Africa’s Pension Fund Assets
Pension funds globally have become significant investors, both as fiduciaries in global capital markets and in their capacity as investors in local and international development projects. At the end of 2014, global pension fund assets  were estimated at USD 36,119bn, representing a 6.1% rise from the 2013 year-end value. On average, these assets account […]
Pension funds globally have become significant investors, both as fiduciaries in global capital markets and in their capacity as investors in local and international development projects. At the end of 2014, global pension fund assets  were estimated at USD 36,119bn, representing a 6.1% rise from the 2013 year-end value. On average, these assets account for 84.4% of these countries’ GDP.
The US continues to be the largest market at USD 11,690bn with Japan and the UK at USD 2,954bn and USD 1,755bn respectively. Together they account for more than 78.3% of total pension assets.
Africa is characterised by a diversity of cultures, with different social and economic factors driving capital market development, performance of asset classes, as well as currency movements. An aggregate estimate of pension assets for the continent is therefore on a best endeavours basis and can be time sensitive due to factors such as currency volatility. Our review uses 16 countries in Africa, representing circa 65% of Africa’s 2014 GDP as measured by the IMF, and also those with significant economic influence in each region. An aggregate number hides variation between countries, while currency volatility increases the fluctuation of USD equivalent amounts. Pension fund assets in Africa are currently estimated at USD 334bn representing only 20.7% of these countries’ GDP.
 Towers Watson Global Pension Study, 2015. Estimated using the sixteen major pension markets.
 GDP, Current Prices, IMF 2014, USDbn
Similar to the global picture, the same big-country bias is present in Africa with 90% of the assets concentrated in Nigeria, South Africa, Namibia and Botswana. Within these countries, a number of large funds also tend to dominate. Examples include Government Employees Pension Fund (GEPF) in South Africa, Government Institutions Pension Fund (GIPF) in Namibia, Botswana Public Officers Pension Fund (BPOPF) in Botswana and a number of larger vehicles in Nigeria.
Pension fund assets globally are on the increase as countries move from unfunded to funded (or partially funded) status, and as many outsource pension fund management to private firms and move from DB to DC schemes. According to estimates by the OECD, private pension fund assets globally grew at an average annual growth rate of 8.2% over the period 2009 to 2013, overshadowing insurers and investment companies. In Africa, pension fund assets continue to grow for similar reasons, alongside an increase in coverage, as social security is extended to a larger portion of the population, formal and informal. The pension fund industry in Nigeria for example has grown from Naira 815bn in 2007 to Naira 5.492 trillion in 2014, which still only represents an average 7% coverage of the working age population (PenCom). The introduction of a basic a safety net or retirement income as well as further introduction of private pension funds is likely to improve coverage and increase asset growth within the pension industry on the continent.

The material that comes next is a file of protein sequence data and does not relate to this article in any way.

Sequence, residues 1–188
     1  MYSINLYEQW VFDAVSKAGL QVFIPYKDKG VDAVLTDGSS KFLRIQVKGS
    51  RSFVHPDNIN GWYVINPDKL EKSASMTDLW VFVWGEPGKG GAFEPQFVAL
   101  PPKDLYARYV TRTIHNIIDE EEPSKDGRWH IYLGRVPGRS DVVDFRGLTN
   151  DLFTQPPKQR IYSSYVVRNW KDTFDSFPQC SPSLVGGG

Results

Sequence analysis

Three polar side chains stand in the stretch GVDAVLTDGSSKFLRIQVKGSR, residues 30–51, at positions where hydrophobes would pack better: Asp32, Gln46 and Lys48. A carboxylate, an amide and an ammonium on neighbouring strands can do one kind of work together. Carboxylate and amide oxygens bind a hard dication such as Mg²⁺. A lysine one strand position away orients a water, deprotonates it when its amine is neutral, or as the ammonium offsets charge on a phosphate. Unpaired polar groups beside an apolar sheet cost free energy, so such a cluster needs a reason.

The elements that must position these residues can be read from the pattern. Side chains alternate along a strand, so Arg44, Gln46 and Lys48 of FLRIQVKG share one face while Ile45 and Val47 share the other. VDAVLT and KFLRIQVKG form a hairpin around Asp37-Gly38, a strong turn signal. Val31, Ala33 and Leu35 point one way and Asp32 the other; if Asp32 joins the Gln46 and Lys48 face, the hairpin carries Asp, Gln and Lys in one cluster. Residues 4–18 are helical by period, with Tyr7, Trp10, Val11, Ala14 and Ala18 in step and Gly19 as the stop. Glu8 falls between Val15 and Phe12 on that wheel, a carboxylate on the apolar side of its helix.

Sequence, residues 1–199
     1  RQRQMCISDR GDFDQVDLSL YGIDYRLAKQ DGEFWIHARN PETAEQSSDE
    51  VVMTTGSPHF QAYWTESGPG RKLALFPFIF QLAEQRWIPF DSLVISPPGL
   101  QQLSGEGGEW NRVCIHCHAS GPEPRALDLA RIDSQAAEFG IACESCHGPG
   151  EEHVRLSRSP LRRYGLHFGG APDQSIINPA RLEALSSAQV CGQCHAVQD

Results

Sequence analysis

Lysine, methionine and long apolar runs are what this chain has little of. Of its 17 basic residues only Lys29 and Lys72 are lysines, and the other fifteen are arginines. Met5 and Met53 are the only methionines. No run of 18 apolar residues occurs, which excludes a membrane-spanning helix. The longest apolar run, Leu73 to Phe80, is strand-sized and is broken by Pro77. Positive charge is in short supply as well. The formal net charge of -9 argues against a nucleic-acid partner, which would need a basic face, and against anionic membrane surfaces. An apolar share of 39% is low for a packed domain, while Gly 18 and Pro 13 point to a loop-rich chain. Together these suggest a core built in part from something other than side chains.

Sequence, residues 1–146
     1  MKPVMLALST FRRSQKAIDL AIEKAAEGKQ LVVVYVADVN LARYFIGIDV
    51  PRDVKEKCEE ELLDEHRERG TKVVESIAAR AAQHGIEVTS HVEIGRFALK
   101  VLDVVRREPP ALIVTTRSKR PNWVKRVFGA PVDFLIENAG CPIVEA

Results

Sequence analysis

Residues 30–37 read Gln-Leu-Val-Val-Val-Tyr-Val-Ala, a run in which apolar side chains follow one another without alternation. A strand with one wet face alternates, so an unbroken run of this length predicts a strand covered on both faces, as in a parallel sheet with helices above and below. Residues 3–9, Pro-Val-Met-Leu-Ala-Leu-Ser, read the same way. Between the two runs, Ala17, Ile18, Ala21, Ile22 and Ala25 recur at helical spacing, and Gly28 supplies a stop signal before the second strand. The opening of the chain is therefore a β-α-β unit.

Note: Zambia figures exclude NAPSA
Africa has experienced tremendous growth in pension assets over the last five years. In much of sub-Saharan Africa where pension systems are older and more established, growth rates have been lower, ranging between 8% and 18% over the previous five years. Assets in East Africa have grown in excess of 20% on a consistent basis only overshadowed by Nigeria, which has seen growth between 25% and 30%. These trends are set to continue as this young continent moves towards increased coverage, and more inclusive and comprehensive systems.
As African trade agreements are forged and trade blocs established, migration and labour mobility is set to increase, which raises the issue of pension portability. In recognition of this trend, many of the regions now have harmonisation goals, which will allow coordinated legislation and portability of pension benefits. An example of portability can be found in a memorandum of understanding that binds Burundi, DRC and Rwanda that allows portability of pension benefits between the countries. Portability is likely to gain importance as Africa continues to become increasingly connected by infrastructure, regional trading agreements; and as pension coverage reaches more of the working population.